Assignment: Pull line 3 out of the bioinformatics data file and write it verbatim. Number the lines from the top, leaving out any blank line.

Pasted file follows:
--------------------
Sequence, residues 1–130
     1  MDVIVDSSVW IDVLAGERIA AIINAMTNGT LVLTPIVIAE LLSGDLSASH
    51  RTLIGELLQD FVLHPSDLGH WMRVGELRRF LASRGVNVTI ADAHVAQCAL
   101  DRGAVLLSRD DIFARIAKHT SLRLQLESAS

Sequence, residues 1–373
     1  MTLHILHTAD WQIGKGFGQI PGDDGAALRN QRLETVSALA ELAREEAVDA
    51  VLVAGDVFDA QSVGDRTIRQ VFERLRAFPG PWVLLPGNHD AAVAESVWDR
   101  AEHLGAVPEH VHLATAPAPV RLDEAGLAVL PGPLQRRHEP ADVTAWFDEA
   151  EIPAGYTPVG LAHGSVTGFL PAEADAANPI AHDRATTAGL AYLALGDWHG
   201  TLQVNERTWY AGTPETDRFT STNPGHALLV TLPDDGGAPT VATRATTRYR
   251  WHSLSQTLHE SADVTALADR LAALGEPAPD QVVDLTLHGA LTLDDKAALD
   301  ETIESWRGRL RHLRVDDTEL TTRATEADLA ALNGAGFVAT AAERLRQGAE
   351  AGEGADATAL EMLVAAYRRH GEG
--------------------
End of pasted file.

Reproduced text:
    51  RTLIGELLQD FVLHPSDLGH WMRVGELRRF LASRGVNVTI ADAHVAQCAL